• Defendant will usually argue that the judge has to apply The Hague Convention; International Treaty; normally would trump Federal Rules History; The US ratified this treaty, as did many EU member states. The Hague Convention provides a procedure, where the Court of one country sends a letter of request to a designated authority of another country, requesting assistance from that authority in obtaining relevan information located within its borders. Advantages: There are a couple of advantages in using the Hague Convention: The EU recognizes it as a legal basis for transferring personal,data to the US. And it is a way to obtain production of ESI that is NOT under a party,s " possession, custody or control". But there are many problems with this procedure: Problems: • not all EU Member States are parties to the Hague Convention. (e.g. Belgium) • reservations under Article 23:“a contracting state may at the time of signature, ratification or accession declare that it will not execute letters of request issued for the purposes of obtaining pre-trial discovery of documents. Many signatory States, including France, Germany, Spain and the Netherlands have filed such reservations under Article 23. • unduly time consuming; can take more than a year. • discovery request must be very specific. Broad requests are denied. Normally, an international treaty trumps a national law.
  • Supreme Court resolved this issue in 1987 with the landmark Aerospatiale case.. If US Crt has jurisdiction over the foreign entity (ex. Defendant in the case)..Case;Frech blocking statute; must make a case by case analysis, balancing many factors. most courts decide balancing test in favor of US; full discovery is in interest of US justice system ; exceptions: Tiffany trademark case (chinese bank of the defendant; letter from government will cooperate speedily with Hague Convention request . Tiffany (NJ) LLC v. Forbse (S.D.N.Y. May no time to go into details. Crt has choice.
  • Assume defendant German pharmaceutical co. lost its Hague Convention defense. They invoked the strict german data protection laws. Judge applied the aerospatiale balancing test and decided that interest of injured parties in US to pursue justice is more important then German data protection laws. Ediscovery order from a US judge. mEanwhile, Varied types of data protection laws: Bank secrecy, data privacy, labor laws, blocking statutes. Defendant : Sanctions from US judge if don’t comply with ediscovery request; sanctions if do not comply with data protection laws? ..Data Privacy Laws: Laws:Art.29; prefers hague convention, but if not: recognizes discovery obligation as a legitimate interest basis for processing BUT balancing test -  data protection directive applies. Little difficult in practice. Sedona Conference: practical solution.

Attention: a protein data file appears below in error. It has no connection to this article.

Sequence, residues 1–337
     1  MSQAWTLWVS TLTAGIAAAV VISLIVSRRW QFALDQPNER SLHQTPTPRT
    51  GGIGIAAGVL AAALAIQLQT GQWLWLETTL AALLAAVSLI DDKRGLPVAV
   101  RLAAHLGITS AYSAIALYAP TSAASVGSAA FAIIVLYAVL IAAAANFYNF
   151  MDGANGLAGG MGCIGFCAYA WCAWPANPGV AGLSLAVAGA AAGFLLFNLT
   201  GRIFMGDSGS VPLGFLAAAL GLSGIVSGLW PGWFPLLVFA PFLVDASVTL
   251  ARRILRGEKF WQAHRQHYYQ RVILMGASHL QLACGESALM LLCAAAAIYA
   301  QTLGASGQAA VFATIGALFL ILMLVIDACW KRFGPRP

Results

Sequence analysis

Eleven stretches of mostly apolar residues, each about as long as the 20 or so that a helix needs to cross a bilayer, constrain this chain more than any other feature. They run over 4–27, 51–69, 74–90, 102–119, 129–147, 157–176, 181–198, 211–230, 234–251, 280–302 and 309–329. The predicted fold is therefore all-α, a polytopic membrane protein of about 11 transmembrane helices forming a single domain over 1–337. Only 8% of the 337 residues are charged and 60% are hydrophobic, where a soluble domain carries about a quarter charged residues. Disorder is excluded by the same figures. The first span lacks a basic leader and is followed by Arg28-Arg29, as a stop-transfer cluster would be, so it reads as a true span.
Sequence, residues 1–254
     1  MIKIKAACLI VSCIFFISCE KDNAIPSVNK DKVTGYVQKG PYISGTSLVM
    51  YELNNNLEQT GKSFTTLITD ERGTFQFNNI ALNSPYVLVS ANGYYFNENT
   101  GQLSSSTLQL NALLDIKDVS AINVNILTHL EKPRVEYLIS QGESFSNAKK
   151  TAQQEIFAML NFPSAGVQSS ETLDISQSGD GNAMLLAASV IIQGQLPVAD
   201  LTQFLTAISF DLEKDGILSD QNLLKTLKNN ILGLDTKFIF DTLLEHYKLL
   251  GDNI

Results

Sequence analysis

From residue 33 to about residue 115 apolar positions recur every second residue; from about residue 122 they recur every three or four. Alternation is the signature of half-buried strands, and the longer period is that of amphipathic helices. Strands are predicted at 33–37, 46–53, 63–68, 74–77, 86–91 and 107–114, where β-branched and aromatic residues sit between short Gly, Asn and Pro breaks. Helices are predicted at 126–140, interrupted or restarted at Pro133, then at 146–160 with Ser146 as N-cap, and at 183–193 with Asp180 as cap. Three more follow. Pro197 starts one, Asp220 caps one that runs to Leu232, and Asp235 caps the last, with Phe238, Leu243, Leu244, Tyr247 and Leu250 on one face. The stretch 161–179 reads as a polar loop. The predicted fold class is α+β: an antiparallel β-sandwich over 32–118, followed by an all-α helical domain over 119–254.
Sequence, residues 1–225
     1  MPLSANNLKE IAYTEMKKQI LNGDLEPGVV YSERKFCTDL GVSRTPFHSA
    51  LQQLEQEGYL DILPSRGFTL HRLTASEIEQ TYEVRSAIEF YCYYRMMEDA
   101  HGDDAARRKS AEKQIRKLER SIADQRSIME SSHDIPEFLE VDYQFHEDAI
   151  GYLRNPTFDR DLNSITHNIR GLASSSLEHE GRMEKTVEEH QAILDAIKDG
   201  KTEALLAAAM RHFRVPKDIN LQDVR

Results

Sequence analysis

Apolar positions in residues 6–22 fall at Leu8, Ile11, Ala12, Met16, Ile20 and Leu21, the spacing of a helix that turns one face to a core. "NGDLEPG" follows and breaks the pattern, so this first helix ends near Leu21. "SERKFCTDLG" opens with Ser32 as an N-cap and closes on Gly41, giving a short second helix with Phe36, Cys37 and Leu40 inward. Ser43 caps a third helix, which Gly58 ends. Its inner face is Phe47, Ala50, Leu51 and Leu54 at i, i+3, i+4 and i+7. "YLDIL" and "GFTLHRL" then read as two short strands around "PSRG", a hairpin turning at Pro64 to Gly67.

• Of course, ALL the changes of proposed regulation will apply to crosssborder discovery. what changes are of specific interest for discovery one stop shop: BCRs; transfers; makes it easier than to apply to 27 or more separate DPAs rtbf: if individual requets DC to delete his data, data controller tis obliged to o delete them, unless there is a legitimate reason to retain it: Q: will Litigation Hold be considered a “legitimate reason” to refuse deletion? In case of discovery procedures: Will be Conflict of two obligations for DC: obligation to delete & obligation to preserve.
  • Documentation: already now good business practice Explicit: now: only sensitive data- regulation: all personal data; the opposite of implied; a statement or a clear affirmative action. Article 29 WP Opinion on the definition of consent:  “meaning an active response, oral or in writing, whereby the individual expresses his/her wish to have his/her data processed for certain purposes. Therefore, express consent cannot be obtained by the presence of a pre-ticked box. The data subject must take some positive action to signify consent and must be free not to consent.” Ex. Notice to employees that their emails will be subject to ediscovery. If employee does not consent, must call a number. NOT express consent. Express Consent= Statement of employees: I hereby agree that my personal data will be subject of ediscovery. Online, opt-in as opposed to opt-put. Note: consent never a good legal basis for processing/transfer of data in ediscovery context; difficult to obtain valid consent; data subject has right to withdraw his consent.
  • Adequacy: Commissions delegated acts ?seperate sectors? US health & financial sectors? Hipaa & glb Safe Harbor: the Joint Statement issued by EC Vice-President Viviane Reding and U.S. Secretary of Commerce John Bryson. March 2012
“In line with the objectives of increasing trade and regulatory cooperation outlined by our leaders at the U.S.-EU Summit, the United States and the European Union reaffirm their respective commitments to the U.S.-EU Safe Harbor Framework”./DEpt of Commerce considering expanding SH to non-profit sector. Washington DC conference last March: mixed EU/Us panel on Safe Harbor: videotaped . Sanctions:will become important factor in ediscovery risk management. Compare risk of sanctions if dont disclose the data v if disclose the data.